Howard’s ‘Da Vinci Code’ worth solving

Amy Weiss

No, it’s not as good as the book. Yes, it’s worth seeing anyway.

Director Ron Howard stays true to the story of The Da Vinci Code, changing little from Dan Brown’s best-selling novel about college professor Robert Langdon (Tom Hanks) and Parisian cryptologist Sophie Neveu (Audrey Tautou) on their mission to uncover the truth about a conflict between Catholicism and a secret society.

The mysterious murder of Louvre curator Jacques Sauniere sends Langdon and Neveu on a code-breaking quest to find the Holy Grail before corrupt members of the ultra-conservative Catholic sect Opus Dei obtain and destroy it. The Grail is supposed proof that Jesus married Mary Magdalene and had a child, and that the bloodline still exists.

Ian McKellen delivers the film’s best performance as quirky scholar Leigh Teabing, an expert on both the Grail and the Priory of Sion, a secret society charged with protecting its location. Sought out by Langdon, Teabing joins the pair in solving Sauniere’s clues to bring them closer to the truth before it’s too late.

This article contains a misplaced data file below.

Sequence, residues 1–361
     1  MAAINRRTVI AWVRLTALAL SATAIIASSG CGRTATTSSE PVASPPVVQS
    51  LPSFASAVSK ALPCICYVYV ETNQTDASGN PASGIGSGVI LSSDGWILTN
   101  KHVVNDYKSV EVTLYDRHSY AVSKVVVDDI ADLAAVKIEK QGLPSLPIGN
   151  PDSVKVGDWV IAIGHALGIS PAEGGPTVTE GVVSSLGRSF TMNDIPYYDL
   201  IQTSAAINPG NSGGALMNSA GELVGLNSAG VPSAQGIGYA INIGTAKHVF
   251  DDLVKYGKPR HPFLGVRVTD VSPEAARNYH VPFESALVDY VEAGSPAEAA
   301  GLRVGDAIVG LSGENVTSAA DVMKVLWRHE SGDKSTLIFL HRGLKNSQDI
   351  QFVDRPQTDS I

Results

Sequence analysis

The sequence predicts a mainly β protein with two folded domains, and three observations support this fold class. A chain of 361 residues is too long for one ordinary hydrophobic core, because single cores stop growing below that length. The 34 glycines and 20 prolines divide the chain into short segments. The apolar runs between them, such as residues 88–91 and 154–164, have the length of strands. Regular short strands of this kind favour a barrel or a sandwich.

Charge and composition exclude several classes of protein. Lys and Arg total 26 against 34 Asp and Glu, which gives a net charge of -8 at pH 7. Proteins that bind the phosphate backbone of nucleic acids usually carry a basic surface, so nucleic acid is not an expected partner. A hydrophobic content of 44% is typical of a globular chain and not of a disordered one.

Surely the visual version of the book – which has sold more than 40 million copies worldwide – is not going to please everyone. For many readers, the actors, the sets and the lines are not exactly what they pictured, and the two-and-a-half hour film doesn’t hold their interest the same way the page-turner did.

And for those who haven’t read the book, the movie might not provide enough to fully understand an accessible, yet deeply detailed story.

Still, the film is entertaining. Howard employs interesting visual techniques to overlap present and past, and Hans Zimmer composes an enchanting score. For those who’ve read the book, Da Vinci provides a perfect refresher course. For those who haven’t – well, a sizable portion may head straight to Barnes & Noble after the credits.